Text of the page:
Erin: Sometimes stories for work require some extra research. So, I’m currently reading How to Talk About Wine by Bernard Klem. It’s a basic guide to the world of wine, including which countries make it, how to taste it without looking like a rube, and what fancy-sounding words like terroir mean.

Exciting, interesting, and fun reads all around! We are all working through the next book club book as well; Even Cowgirls Get the Blues by Tom Robinson. Some of us have at least three novels on themselves at all times (Hannah), and others just concentrate on one at a time. Regardless, we all have the love of reading in our souls.

Throwback Thursday: First Novels

Most members of our group didn’t just suddenly dive heavily into reading. Many of us have been bookworms all of our lives. Let’s Ask the Regiment about their first reads! In this post we each take a look back at the first book we remember reading, and how it influenced our current literary choices today.

Hannah S: The first non-picture book I really remember reading is Now We Are Six by A. A. Milne. I remember reading it with my Grandma, reading it with my parents, reading it to my siblings. I absolutely loved it. It’s not really a novel though. The first novel I have vivid memories of connecting with is The Lion, The Witch, And The Wardrobe. That world was so vivid to me. I still can’t see a wardrobe or rack full of fur coats at an antique store without wanting to climb through them and see where I end up. It’s practically a physical memory, rather than an intellectual one–the soft fur and hardwood giving way to scratchy pine needles and crunching snow as you enter Narnia.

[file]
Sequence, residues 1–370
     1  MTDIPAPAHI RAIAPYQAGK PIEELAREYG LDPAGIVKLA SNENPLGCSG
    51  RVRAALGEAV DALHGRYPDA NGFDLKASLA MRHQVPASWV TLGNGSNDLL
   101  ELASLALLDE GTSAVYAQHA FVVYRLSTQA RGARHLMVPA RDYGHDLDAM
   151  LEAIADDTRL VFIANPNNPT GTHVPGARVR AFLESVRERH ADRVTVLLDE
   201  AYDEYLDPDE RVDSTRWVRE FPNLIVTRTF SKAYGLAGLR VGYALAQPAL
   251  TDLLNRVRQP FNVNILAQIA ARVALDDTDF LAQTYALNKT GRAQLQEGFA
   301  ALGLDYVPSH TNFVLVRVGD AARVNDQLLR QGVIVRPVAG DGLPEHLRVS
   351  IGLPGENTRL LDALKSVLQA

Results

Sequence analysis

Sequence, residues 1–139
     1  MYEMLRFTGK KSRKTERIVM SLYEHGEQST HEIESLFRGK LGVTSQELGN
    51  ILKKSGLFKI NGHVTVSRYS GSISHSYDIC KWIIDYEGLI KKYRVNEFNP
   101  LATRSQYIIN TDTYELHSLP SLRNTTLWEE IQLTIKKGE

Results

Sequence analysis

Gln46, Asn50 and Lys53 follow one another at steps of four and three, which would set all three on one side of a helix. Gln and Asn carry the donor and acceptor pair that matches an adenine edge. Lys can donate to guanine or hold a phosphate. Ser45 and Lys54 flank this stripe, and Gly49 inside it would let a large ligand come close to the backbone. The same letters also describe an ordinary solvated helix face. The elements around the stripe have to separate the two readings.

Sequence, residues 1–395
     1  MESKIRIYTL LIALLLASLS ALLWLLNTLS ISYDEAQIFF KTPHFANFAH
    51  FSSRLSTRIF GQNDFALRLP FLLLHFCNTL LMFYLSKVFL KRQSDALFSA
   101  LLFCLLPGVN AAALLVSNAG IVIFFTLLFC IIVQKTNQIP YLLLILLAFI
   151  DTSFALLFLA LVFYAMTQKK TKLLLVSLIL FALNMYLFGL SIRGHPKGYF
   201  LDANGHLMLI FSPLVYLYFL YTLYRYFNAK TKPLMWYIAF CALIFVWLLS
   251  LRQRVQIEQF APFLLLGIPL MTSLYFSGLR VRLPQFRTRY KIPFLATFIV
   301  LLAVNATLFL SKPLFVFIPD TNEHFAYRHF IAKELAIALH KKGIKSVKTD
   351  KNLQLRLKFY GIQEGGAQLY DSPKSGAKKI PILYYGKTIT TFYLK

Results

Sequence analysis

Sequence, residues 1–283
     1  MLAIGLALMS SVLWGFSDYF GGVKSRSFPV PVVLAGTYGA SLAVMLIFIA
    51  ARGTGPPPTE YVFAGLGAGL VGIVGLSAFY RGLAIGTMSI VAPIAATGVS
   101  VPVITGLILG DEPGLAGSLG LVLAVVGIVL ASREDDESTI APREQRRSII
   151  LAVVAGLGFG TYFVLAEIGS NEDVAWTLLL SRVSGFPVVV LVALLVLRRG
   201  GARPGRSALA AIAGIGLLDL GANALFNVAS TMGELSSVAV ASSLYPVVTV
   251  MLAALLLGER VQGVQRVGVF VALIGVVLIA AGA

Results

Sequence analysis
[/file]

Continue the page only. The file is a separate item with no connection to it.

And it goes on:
Allyson: I’ve never been one to gravitate toward books, so when I was assigned to read The Outsiders in my 9th grade English class, I was less than thrilled. As I began reading this novel in class, I was instantly hooked. I don’t know if it was my obsession with mid-twentieth century pop culture or the social struggle that Ponyboy and his friends dealt with, but this was one of the first books that I truly ate up. When I learned that S. E. Hinton was a woman, I was in awe and felt empowered. A few years later I was cast in a stage adaptation of the book, and it will forever be one of my favorite novels. It reminds me that no matter what life throws your way, to stay gold.